Eighty-five South Korean nationals were denied entry into the U.S. after arriving at the Atlanta airport Sunday, Nov. 19, U.S. Customs and Border Protection has confirmed to Global Atlanta.
Members of the group, who were traveling on separate Delta Air Lines and Korean Air flights from Seoul, were held overnight at Hartsfield-Jackson Atlanta International Airport while the mixup was investigated.
About half were sent home on Korean Air Monday morning, while others took Delta flights back and faced layovers in other cities after being stranded for 24 hours in Atlanta, according to the Korea Daily newspaper, whose local Atlanta bureau broke the story.
Many of the travelers were reportedly elderly Koreans headed through Atlanta for a meditation retreat.
The Consulate General of Korea was called in by the airport Monday, according to statements by the Ministry of Foreign Affairs Tuesday in Seoul, where the incident made national cable news.
The ministry said it had been investigating the incident and had confirmed that the travelers hadn’t been blocked for political reasons, according to the Chosun Ilbo, a major Korean newspaper.
The snafu came at an awkward time for the airport — just one day before it would unveil 29 large posters meant to welcome foreign travelers to Concourse F, the international terminal. The “Market the Welcome” tourism campaign in partnership with Brand USA includes scenic pictures from around Atlanta and Georgia combined with welcoming messages in six languages, including Korean.
When airport officials said at the launch event that they wanted travelers’ first impressions to be “memorable,” this is likely not what they had in mind.
Contacted by Global Atlanta, the airport deferred inquiries to CBP, declining to say how its reputation as a welcoming hub could be affected by the incident or comment on protocols for notifying foreign government representatives when such incidents occur.
“Hartsfield-Jackson works with all stakeholders, including federal, state, and local law enforcement, to provide a safe, efficient, and welcoming travel experience for our visitors,” the airport said in a statement.
The Korean tourists were also stranded just after Delta and Korean Air received U.S. DOT approval for a joint venture that the carriers believe will lead to closer integration, including more codeshare flights and destinations, enhanced frequent flier benefits and easier connections.
Delta, which revived its Atlanta-Seoul nonstop flight in June to complement Korean Air’s service, views this as an isolated incident that shouldn’t change the way it approaches its Korean business. Meanwhile, U.S. CBP says entry requirements for Korean citizens coming to the U.S. remained the same.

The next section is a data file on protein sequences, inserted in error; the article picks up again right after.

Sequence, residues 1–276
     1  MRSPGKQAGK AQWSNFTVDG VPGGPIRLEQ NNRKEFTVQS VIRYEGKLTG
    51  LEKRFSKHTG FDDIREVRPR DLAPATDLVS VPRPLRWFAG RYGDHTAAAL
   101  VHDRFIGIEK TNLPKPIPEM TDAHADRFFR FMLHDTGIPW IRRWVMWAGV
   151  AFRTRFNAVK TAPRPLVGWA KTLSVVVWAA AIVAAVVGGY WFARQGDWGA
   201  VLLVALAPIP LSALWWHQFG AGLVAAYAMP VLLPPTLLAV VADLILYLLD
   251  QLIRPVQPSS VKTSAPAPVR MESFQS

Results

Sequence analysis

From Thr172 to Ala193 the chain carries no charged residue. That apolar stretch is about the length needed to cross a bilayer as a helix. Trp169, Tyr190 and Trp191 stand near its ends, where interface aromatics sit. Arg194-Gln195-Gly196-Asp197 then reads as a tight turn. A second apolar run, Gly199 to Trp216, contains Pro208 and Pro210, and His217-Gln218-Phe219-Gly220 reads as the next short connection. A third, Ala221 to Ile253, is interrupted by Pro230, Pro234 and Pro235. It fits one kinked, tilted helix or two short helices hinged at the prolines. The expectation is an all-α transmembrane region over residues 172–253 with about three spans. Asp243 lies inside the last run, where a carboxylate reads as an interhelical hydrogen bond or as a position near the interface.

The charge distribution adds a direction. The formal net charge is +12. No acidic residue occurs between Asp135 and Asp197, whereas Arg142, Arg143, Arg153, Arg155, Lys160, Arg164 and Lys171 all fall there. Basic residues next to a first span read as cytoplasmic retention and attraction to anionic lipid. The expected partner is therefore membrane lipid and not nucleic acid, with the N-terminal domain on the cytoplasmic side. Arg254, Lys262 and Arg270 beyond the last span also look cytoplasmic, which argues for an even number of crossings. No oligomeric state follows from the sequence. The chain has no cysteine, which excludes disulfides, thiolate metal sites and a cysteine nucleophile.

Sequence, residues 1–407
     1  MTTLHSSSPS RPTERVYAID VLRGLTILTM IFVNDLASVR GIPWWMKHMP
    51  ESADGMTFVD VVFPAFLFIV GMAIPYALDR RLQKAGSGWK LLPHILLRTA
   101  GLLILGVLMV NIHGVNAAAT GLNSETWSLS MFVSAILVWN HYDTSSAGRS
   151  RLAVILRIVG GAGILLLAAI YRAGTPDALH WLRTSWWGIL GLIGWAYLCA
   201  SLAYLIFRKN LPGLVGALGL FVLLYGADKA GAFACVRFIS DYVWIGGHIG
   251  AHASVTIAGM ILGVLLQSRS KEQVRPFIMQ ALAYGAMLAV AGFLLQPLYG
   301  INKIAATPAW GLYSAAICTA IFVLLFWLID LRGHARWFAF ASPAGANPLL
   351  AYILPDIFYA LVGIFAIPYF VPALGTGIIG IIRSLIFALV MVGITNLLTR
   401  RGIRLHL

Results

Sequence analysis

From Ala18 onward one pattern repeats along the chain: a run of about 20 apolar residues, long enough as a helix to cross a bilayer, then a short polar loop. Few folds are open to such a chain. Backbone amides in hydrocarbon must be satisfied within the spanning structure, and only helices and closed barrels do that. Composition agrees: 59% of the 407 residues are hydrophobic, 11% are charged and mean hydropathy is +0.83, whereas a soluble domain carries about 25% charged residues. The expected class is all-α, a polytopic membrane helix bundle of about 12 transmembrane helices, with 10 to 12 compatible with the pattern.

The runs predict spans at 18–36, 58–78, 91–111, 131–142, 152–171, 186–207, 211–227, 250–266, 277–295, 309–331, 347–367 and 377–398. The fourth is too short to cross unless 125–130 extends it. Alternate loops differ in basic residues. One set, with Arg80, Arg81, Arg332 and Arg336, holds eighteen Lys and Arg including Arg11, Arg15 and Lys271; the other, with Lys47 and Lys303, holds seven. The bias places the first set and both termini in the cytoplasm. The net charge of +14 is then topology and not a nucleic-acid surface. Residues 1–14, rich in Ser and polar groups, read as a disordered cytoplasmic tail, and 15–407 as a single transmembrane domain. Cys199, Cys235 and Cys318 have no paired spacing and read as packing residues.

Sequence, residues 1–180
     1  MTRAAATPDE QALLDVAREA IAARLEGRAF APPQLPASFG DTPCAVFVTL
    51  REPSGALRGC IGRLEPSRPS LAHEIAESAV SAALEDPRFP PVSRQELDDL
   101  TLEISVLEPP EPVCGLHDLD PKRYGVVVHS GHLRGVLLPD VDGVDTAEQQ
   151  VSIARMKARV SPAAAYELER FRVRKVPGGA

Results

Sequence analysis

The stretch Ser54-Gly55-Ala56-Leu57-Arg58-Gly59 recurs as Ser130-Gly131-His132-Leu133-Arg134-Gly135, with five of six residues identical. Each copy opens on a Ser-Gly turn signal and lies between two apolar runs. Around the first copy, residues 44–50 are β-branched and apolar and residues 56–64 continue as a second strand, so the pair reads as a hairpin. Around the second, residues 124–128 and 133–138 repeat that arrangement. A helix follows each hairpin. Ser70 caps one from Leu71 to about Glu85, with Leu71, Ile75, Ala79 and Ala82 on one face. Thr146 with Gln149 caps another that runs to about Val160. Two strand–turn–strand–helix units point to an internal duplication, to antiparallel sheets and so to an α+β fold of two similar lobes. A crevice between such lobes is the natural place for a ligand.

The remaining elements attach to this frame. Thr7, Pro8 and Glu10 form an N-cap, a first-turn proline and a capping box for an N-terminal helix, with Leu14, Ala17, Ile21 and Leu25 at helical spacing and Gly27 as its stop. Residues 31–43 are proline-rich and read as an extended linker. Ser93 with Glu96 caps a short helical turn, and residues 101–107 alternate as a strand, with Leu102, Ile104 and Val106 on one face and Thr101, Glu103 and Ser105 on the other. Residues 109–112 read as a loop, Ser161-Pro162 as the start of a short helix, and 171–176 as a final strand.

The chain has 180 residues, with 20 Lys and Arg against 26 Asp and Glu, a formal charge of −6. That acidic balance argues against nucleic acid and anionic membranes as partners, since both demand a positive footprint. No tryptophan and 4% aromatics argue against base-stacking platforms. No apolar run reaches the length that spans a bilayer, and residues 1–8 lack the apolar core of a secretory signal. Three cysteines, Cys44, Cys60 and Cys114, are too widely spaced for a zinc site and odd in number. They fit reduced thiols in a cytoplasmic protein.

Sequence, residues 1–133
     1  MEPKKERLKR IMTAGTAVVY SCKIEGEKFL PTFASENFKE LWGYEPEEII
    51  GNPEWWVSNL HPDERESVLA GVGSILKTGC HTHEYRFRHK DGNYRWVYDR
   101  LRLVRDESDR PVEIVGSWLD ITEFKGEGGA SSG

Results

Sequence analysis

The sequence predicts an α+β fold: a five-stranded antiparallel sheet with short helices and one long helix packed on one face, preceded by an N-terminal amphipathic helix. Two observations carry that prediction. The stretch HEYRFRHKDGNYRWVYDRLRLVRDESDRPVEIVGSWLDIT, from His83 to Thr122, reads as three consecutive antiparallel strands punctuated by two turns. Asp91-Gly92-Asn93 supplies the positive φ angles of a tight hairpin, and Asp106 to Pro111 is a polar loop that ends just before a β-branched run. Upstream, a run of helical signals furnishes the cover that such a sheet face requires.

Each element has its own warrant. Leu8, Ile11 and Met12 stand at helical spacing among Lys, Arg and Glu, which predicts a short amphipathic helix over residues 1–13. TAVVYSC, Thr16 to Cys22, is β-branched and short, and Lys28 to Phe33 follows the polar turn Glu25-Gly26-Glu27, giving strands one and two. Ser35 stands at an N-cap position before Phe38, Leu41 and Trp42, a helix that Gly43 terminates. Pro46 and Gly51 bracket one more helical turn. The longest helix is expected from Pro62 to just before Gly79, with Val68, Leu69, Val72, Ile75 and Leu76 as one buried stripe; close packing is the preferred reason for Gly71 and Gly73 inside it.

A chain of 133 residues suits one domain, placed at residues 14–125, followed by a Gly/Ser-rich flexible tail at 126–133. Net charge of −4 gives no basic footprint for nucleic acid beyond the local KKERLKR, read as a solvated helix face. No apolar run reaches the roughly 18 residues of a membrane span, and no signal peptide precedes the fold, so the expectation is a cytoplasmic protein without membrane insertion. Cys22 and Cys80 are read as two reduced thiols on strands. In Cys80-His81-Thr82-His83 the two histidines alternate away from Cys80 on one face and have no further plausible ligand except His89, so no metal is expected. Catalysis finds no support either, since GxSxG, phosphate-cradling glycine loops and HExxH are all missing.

It’s still unclear exactly why the travelers weren’t allowed in, and the matter is being investigated by Immigration and Customs Enforcement.
South Korea is a part of the Visa Waiver Program, a reciprocal arrangement whereby citizens of 38 countries can enter the U.S. for tourism or business purposes for up to 90 days without acquiring a visa.
Countries participating must have chip-enhanced passports and rejection rates of less than 2 percent before gaining admission into the program. Japan, Korea, Brunei and Taiwan are the only Asian countries that have been able to join.
But border agents retain final discretion about whether to allow individuals into the country, according to a statement provided to Global Atlanta by Rob Brisley, a CBP spokesman at the Port of Entry Atlanta.
CBP said the group was found to be “inadmissible” at the gate but declined to give reasons, citing privacy concerns precluding the agency from revealing personal information on specific cases.
“CBP officers at Port of Entry Atlanta ensured that the inadmissible foreign passengers were provided food, comfort and support, and worked closely with our airline partners to book their return flights home to South Korea,” the statement read. Delta provided some of the food and drinks and helped arrange return travel for its passengers.
Citing the Korean foreign ministry, some Korean news agencies have said the group was denied entry because they had previously sold produce from an organic farm — violating prohibitions on engaging in commerce while in the U.S. Others speculated that it involved listing an incorrect address.
Korean is one of the multiple languages for which CBP offers interpretation services. Korean interpreters were on hand for the entire ordeal.
The Korean consulate in Atlanta declined to comment on this story, citing privacy concerns.
Corrections/amplifications: The article has been updated to describe more accurately how CBP handles Korean-language interpretation services in Atlanta.
Japan is also included in the Visa Waiver Program. An earlier version of the story excluded that country.
A previous version of this article cited an airport figure of 77,000 people coming through customs in Atlanta per year. CBP says that number is low, an assertion which the airport confirmed. CBP is working to get an updated figure.